diabetes-month

Diabetes and Your Oral Health

November is American Diabetes Month. The American Diabetes Association joins with the 29 million Americans with diabetes to raise awareness and to create a sense of urgency about this growing public health crisis. Here are some pertinent questions regarding diabetes and your oral health.

  1. IS THERE AN ASSOCIATION BETWEEN GUM DISEASE AND DIABETES?
    For the nearly 29 million Americans who have diabetes, many may be surprised to learn about an unexpected complication associated with this condition. Research shows that there is an increased prevalence of gum disease among those with diabetes, adding serious gum disease to the list of other complications associated with diabetes, such as heart disease, stroke and kidney disease.
  2. DOES GUM DISEASE IMPACT DIABETES AND VICE VERSA?
    Emerging research also suggests that the relationship between serious gum disease and diabetes is two-way. Not only are people with diabetes more susceptible to serious gum disease, but serious gum disease may have the potential to affect blood glucose control.
    Research suggests that people with diabetes are at higher risk for gum disease, ranging from gingivitis (an early stage of gum disease) to periodontitis (serious gum disease). According to the Centers for Disease Control and Prevention, people living with diabetes are two times as likely to develop gum disease. That’s because people with diabetes are generally more susceptible to infections and less able to fight germs that invade the gums.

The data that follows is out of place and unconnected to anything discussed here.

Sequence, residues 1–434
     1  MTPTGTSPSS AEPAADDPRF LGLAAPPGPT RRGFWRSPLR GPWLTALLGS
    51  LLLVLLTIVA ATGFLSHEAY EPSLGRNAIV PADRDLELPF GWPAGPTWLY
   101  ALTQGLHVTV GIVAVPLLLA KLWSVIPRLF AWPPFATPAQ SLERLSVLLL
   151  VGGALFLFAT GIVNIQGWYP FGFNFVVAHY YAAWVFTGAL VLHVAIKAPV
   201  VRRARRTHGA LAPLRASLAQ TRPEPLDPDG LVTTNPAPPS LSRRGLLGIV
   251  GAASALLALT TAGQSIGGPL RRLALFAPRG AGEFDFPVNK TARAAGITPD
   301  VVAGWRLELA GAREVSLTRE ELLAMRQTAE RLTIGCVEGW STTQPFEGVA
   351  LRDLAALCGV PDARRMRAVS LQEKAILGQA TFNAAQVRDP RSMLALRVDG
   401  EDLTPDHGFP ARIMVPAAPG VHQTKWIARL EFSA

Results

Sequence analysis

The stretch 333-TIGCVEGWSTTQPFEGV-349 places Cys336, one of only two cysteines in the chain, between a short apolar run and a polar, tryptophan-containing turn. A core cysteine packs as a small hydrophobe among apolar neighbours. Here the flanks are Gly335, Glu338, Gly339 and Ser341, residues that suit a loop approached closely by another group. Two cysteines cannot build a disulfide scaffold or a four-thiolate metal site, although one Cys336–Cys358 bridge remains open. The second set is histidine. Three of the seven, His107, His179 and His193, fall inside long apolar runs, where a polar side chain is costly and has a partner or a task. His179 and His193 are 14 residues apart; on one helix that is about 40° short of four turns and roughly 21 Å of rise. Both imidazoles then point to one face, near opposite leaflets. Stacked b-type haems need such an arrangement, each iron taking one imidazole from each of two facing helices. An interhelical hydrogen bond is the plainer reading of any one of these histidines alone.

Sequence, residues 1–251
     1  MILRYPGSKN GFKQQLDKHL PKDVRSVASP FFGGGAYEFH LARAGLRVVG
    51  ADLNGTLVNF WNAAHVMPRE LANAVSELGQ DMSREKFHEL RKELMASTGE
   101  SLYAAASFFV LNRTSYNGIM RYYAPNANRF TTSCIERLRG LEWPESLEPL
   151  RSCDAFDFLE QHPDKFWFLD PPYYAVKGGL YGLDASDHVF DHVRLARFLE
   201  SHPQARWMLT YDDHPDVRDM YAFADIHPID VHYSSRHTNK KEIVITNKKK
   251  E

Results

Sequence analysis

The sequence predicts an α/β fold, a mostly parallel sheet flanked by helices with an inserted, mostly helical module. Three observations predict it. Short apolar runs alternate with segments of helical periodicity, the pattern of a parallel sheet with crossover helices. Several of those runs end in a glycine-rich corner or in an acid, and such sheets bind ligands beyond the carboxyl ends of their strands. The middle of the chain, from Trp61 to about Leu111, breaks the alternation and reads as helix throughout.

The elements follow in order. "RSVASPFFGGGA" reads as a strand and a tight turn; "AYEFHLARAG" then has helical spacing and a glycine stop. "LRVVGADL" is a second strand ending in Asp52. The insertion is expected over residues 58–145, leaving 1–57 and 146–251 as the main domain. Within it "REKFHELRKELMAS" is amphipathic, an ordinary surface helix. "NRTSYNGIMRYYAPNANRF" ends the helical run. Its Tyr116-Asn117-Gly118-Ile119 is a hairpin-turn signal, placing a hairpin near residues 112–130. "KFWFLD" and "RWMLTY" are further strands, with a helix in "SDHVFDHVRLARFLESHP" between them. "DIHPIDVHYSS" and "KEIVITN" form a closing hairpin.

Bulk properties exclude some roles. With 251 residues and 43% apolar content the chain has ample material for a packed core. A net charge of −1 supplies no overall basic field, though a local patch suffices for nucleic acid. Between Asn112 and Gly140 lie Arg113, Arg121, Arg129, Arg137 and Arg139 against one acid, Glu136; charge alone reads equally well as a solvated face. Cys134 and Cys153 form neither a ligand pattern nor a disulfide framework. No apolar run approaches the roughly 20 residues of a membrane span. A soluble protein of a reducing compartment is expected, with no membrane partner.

3.  IF I HAVE DIABETES, AM I AT RISK FOR DENTAL PROBLEMS?
    If your blood glucose levels are poorly controlled, you are more likely to develop serious gum disease. Like all infections, serious gum disease may be a factor in causing blood glucose to rise and may make diabetes harder to control.
    Other oral problems that can be associated with diabetes include thrush, an infection caused by fungus that grows in the mouth, and dry mouth, which can lead to soreness, ulcers, infections and cavities.
  4. HOW CAN I HELP PREVENT DENTAL PROBLEMS ASSOCIATED WITH DIABETES?
    It is critical to control your blood glucose level and take good care of your teeth and gums, along with regular checkups every six months. To control thrush, a fungal infection, maintain good diabetic control, avoid smoking and, if you wear dentures, remove and clean them daily. Good blood glucose control can also help prevent or relieve dry mouth caused by diabetes.
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